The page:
In his book The Haves and the Have Nots, Branko Milanovic tries to discover who was the richest person who has ever lived. Beginning with the loaded Roman triumvir Marcus Crassus, he measures wealth according to the quantity of his compatriots' labour a rich man could buy. It appears that the richest man to have lived in the past 2,000 years is alive today. Carlos Slim could buy the labour of 440,000 average Mexicans. This makes him 14 times as rich as Crassus, nine times as rich as Carnegie and four times as rich as Rockefeller.

    Until recently, we were mesmerised by the bosses' self-attribution. Their acolytes, in academia, the media, thinktanks and government, created an extensive infrastructure of junk economics and flattery to justify their seizure of other people's wealth. So immersed in this nonsense did we become that we seldom challenged its veracity.

    This is now changing. On Sunday evening I witnessed a remarkable thing: a debate on the steps of St Paul's Cathedral between Stuart Fraser, chairman of the Corporation of the City of London, another official from the corporation, the turbulent priest Father William Taylor, John Christensen of the Tax Justice Network and the people of Occupy London. It had something of the flavour of the Putney debates of 1647. For the first time in decades – and all credit to the corporation officials for turning up – financial power was obliged to answer directly to the people.

    It felt like history being made. The undeserving rich are now in the frame, and the rest of us want our money back.
  2. Man, has your train gone off the rails.

    1. Most of the rich didn't get there by stealing from underlings... nobody is deserved of "getting some money back that was stolen by the rich". For the most part, the rich took a lot of people along with them.

    2. Yes, there are SOME undeserving and unscrupulous rich... but they are the exceptions rather than the rule.

    3. If the "unaccomplished 99%ers" want to point a finger, it should be AT GOVERNMENT.

    Of course, "the rich get richer"... that's because capital begets capital. Compound interest/investments. If all you ever do financially is "spend everything you make", then of course you will never become rich.

    Want to become rich yourself? Then do the things which are required to become rich... not bitch, "somebody has more than I... wah, wah, wah"... and hope the government will step in and redistribute the wealth. After all it's not "fair" that somebody... a doctor who was in school and training until age 30, a lawyer with a JD degree, an architect or successful entrepreneur... has something you don't, right?
  3. Why target people like Richard Branson or city bankers who even if you begrudge their contribution to society, have done at least some work for their money? How about getting rid first of the aristocrats, if you have to do anything at all?

    We have identified the ten richest aristocrats in the United Kingdom.

    The Duke of Westminster (₤6.5 billion)
    Earl Cadogan (₤ 2 billion)
    Baroness Howard de Walden (₤1.07 billion)
    Viscount Portman (₤950 million)
    The Earl of Iveagh (₤750 million)
    Viscount Cowdray (₤500 million)
    The Duke of Devonshire (₤500 million)
    The Duke of Bedford (₤489 million)
    The Duke of Sutherland (₤480 million)
    The 4th Baron Rothschild (₤360 million)
  4. These are long posts and hard to read.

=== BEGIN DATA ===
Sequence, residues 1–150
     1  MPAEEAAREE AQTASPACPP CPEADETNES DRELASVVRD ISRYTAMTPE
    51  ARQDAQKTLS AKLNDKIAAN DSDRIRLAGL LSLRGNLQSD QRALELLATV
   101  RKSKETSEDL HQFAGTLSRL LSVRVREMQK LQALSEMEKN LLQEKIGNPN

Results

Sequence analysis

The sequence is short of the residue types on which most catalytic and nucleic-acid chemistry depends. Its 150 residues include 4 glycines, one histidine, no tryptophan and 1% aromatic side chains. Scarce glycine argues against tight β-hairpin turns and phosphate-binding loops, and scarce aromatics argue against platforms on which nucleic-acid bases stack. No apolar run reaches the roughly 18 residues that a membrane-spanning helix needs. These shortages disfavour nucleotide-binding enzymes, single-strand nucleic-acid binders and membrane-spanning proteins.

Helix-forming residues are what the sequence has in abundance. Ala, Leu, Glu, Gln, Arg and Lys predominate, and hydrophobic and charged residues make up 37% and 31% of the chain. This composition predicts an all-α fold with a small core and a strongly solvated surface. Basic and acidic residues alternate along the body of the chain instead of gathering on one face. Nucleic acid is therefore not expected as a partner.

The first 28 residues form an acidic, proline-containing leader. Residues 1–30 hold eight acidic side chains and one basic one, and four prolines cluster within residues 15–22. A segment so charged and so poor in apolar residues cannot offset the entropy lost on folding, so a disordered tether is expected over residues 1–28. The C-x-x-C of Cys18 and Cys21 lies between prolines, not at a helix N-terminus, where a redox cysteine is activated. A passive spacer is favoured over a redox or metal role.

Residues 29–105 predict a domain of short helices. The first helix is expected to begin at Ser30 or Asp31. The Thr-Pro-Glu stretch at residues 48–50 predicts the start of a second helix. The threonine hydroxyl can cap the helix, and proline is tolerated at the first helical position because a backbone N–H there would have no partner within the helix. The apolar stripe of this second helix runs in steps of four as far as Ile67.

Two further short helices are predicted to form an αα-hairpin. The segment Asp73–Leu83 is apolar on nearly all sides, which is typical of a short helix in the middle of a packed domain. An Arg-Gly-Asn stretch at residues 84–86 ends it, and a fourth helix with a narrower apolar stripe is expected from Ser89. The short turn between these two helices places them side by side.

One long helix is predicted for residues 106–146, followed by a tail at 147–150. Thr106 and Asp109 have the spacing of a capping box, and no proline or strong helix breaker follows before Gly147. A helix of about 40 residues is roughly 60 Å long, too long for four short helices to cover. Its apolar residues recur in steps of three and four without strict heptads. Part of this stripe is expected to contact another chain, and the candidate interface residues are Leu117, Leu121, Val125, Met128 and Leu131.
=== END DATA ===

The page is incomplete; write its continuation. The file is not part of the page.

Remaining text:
Here is what I believe.

    If I take risk, I should reap what I sow. I lose or I win. Thats it.

    If I win then I got a number to work with.

    If I lose I can try again.

    When these freedoms are removed and their corresponding incentives, then why try?

  5. Why should anyone want to "get rid of inherited wealth"? Is that kind of money somehow "unfair"?

    Don't most financially successful people want to leave their money to the next generations and... as it is their personal property... shouldn't they be allowed to do any damned thing they want with it?

    WTF has become of "America... the land of opportunity"? Jeez... MAKE YOUR OWN AND STOP BITCHING ABOUT THOSE WHO DID WHAT YOU DIDN'T. In America, you're all owed to succeed.. to climb as high as you can... you're also allowed to be a layabout, ne'er do well drunk if you so choose... but bitching about those with more gumption than you is just plain small and lame.
  6. Glavez


    Did you read the article? It points out, rightly or not, that to become rich in this environment you need traits of psychopath. Is that what you're advising:

    Maybe working hard is the ticket? Again not according to the article:

    You can strike it rich in the west because of regulations and enforcement. Something that lately seems to be taking a second place to "creating jobs".
  7. TOTAL BULLSHIT! I know quite a few moderately rich people... none of whom are "psychopaths". In fact, many of whom are quite magnanimous with their time and money.

    If "working hard" were the primary criterion, then miners would be among the most rich.

    It's not "working hard"... rather "working smart", and/or doing what most are incapable of nor motivated to do that gives you a chance to be rich in America.
  8. Glavez


    You don't see the whole picture however. Because you're a good person and have morals you don't consider stealing as taking risk that should be rewarded. And that separates you from the rich - according to the article.
  9. Come and get it. Bring help, because I like a good fight.
  10. I would agree if you are talking about America or Singapore or Hong Kong, where capitalism is the prevailing system and culture and where generally speaking someone with the proper work ethic and intelligence can rise to the top regardless of his birth.

    But he quoted a European writer and a newspaper here, that is a totally different culture where a strange and eclectic mix of feudalism and socialism combines together to dumb down the masses. That, I cannot accept.
    #10     Nov 12, 2011